• What does the plaintiff say about the complaints from the first accident and second accident?  Is there any discrepancy between plaintiff’s testimony and the medical records?
  • What do the experts say about the complaints, diagnostic studies, and more importantly, causation?
  • Will future medical treatment be needed?  If so, what is it and how much will it cost?  And how would it be allocated between the two accidents?

Neither side can plausibly advance the argument that there is, or is not, a traumatic brain injury from the first accident without this information. Nor can the parties or the mediator effectively value of the case because there is no information to determine whether the second accident exacerbated any injuries from the first accident or whether there were new injuries separate and apart from the first accident (particularly if both cases are mediated at the same time).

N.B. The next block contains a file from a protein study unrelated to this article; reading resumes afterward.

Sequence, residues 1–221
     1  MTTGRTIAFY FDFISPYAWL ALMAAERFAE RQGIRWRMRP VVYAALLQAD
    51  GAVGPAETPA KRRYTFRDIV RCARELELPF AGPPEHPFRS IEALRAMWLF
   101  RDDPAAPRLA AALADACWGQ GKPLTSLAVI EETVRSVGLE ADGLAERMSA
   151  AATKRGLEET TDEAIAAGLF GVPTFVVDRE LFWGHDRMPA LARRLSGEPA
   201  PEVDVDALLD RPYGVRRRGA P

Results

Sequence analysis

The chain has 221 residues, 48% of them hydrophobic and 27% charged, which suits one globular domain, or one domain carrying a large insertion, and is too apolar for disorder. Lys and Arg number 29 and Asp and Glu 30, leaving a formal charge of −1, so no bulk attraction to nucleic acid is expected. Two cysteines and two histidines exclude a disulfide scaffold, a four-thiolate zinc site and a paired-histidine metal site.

Information that demonstrates the complaints or pain levels were worse following the second accident would give the mediator much needed information to address the causation and allocation issues present.  Similarly, comparing diagnostic studies from the two accidents showing an abnormal study following the first accident that did not change after the second, or the complaints did not change after the second accident, would also be extremely helpful.